Tuesday, July 14, 2009


I already got the vases for this at Ross (love that store) for a huge discount, and will be using them to decorate my new home after mine sells (soon! hopefully... apparently Gay men love my house, which makes me feel good. they're picky! haha). so they won't just get tossed or waste money on renting vases (in twitterspeak #hugemoneysuck).

Test drove fake flowers, they failed miserably. But with 10 tables, and maybe 4 more for cake table, etc, we won't need that many flowers. I'm only having the 2 arrangesments on the alter, which will make it to the reception (I need to delegate who will do that btw), I think 20 flower stems is not too expensive. We'll see.

orchids held down by pebbles. ?

from some blog that to the last question I say "boo on you".
What types of flowers can be used in submerged centerpieces?
The short answer is: Any! However, some flowers work much better than others. My favorite flowers to use are orchids, roses, hydrangeas, calla lilies and tulips. Orchids work beautifully to fill the space in a tall vase. Roses always seem to magnify about ten times their size underwater and it is a very unique effect. Hydrangeas fill out the space in a short wide vase and even look beautiful when placed in a vase that is a bit too small in diameter. Calla lilies and tulips are perhaps my favorites because they can be twisted, curved and intertwined every which way to create a piece of floral art.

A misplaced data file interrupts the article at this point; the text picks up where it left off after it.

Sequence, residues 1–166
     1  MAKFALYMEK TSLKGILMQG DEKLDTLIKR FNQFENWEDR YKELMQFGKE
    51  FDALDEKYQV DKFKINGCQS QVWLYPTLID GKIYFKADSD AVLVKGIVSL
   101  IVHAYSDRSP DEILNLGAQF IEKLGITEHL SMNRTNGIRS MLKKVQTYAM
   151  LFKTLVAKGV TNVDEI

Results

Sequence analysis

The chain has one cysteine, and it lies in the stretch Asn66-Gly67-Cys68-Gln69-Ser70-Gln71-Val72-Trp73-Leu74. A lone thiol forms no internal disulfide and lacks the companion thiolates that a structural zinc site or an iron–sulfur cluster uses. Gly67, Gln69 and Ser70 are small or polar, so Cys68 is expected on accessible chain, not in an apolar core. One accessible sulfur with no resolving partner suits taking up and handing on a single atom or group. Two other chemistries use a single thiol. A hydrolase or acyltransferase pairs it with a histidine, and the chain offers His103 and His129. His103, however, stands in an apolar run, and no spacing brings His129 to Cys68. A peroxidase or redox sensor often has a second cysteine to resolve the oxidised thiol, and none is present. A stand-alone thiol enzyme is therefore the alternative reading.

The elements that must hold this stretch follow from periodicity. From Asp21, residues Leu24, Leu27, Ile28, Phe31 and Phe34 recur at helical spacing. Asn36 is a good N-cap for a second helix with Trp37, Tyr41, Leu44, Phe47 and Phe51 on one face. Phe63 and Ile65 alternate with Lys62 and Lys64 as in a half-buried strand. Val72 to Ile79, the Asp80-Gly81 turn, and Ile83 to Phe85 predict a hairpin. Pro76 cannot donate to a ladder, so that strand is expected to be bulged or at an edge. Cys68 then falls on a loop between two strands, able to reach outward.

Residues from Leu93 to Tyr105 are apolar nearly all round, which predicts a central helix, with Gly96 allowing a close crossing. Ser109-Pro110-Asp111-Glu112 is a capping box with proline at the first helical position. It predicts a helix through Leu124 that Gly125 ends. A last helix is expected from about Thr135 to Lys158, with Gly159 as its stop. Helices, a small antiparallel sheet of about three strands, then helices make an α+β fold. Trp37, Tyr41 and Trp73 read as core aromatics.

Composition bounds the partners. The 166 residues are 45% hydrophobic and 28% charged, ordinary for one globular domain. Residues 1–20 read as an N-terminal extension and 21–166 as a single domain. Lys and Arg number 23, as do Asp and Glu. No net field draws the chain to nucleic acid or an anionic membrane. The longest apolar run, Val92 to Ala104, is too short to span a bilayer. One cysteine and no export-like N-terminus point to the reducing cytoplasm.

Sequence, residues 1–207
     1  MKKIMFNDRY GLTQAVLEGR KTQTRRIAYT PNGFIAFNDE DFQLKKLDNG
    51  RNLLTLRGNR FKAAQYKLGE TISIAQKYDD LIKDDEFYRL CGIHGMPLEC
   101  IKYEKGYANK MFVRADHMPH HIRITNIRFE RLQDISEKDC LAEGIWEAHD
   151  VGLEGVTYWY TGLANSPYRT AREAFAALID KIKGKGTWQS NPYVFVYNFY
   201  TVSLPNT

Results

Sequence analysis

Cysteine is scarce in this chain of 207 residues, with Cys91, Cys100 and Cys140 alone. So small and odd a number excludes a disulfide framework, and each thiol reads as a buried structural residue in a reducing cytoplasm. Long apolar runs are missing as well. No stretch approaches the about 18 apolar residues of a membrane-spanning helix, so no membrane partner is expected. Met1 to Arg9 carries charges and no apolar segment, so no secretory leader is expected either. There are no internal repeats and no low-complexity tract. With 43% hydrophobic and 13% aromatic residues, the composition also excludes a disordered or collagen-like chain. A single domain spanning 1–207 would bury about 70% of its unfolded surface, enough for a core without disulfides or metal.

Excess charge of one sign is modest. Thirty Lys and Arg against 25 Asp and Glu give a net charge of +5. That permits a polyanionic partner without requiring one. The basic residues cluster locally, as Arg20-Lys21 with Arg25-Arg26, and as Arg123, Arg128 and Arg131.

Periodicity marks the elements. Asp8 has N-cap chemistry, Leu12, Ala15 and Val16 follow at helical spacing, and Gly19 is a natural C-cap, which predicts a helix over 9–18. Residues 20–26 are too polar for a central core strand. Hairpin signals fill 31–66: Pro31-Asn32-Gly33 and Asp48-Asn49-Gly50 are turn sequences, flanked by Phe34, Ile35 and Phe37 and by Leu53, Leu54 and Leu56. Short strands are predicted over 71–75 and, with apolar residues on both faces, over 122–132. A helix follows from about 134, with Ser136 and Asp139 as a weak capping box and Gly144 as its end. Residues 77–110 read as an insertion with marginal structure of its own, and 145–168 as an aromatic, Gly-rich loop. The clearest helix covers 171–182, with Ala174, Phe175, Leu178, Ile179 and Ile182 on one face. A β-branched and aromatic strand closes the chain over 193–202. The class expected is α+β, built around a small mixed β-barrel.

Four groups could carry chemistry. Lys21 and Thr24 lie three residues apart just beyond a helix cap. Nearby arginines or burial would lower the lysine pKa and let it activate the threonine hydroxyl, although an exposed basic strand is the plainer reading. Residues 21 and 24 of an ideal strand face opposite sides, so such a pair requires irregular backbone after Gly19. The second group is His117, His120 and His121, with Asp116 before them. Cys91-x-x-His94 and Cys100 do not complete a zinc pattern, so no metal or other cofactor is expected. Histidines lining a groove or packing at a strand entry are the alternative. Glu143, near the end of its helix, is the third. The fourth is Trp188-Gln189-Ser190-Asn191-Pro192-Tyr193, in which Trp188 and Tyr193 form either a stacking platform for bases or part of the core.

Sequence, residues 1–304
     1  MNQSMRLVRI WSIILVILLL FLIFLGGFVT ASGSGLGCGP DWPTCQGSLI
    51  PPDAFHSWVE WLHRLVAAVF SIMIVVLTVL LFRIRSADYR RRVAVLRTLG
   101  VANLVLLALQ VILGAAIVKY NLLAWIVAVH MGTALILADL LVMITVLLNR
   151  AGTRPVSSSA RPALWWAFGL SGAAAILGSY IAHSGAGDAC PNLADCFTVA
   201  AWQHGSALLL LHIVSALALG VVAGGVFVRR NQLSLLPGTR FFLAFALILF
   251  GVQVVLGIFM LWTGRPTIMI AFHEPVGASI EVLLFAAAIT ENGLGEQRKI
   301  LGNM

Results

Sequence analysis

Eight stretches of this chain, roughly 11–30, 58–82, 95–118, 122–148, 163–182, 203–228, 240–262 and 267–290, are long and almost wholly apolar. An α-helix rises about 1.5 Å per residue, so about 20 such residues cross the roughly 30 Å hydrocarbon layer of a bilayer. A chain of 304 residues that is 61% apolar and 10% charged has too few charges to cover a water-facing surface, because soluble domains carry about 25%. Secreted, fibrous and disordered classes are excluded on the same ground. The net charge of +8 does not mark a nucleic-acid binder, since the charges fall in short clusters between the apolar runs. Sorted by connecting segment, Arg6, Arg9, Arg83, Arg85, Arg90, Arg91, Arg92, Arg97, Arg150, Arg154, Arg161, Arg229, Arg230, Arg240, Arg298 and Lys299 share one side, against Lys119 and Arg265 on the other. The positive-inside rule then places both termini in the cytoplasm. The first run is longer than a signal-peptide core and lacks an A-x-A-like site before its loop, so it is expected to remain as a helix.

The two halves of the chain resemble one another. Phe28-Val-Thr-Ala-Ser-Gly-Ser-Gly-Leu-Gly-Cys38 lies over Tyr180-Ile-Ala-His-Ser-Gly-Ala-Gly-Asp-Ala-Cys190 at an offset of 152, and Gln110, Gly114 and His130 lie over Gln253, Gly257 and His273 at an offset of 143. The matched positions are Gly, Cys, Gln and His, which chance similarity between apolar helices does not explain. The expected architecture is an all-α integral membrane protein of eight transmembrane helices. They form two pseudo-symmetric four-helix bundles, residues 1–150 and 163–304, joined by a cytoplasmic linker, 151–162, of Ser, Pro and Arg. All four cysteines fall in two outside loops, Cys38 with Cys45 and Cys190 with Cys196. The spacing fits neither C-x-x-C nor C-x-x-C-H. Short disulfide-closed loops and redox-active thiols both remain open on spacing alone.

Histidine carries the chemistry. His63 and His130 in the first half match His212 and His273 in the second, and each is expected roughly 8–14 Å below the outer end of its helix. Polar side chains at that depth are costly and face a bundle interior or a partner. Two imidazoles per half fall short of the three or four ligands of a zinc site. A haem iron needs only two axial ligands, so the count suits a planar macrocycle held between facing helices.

There are only a few flowers that I do not like to use and they are flowers with lots of pollen or those with delicate, paper thin petals. The pollen filled flowers like lilies can cloud the water (though with lilies, you can carefully remove the pollen). Paper thin petals like those of anemones can close up under the pressure of the water.

It seems simple, right? Can't I make my own submerged centerpieces for my wedding?
I wouldn't wish this on any bride for her wedding day! Submerged arrangements must be constructed on site and often at the last minute. Most of the cost of submerged arrangements (see next question) is in labor and for a good reason. They are not easy and are often quite messy to set up. There is also an issue of transportation. Vases and stones can get quite bulky and heavy and if you don't have access to a van, you will probably spend a good part of your wedding day loading, transporting and unloading the materials.

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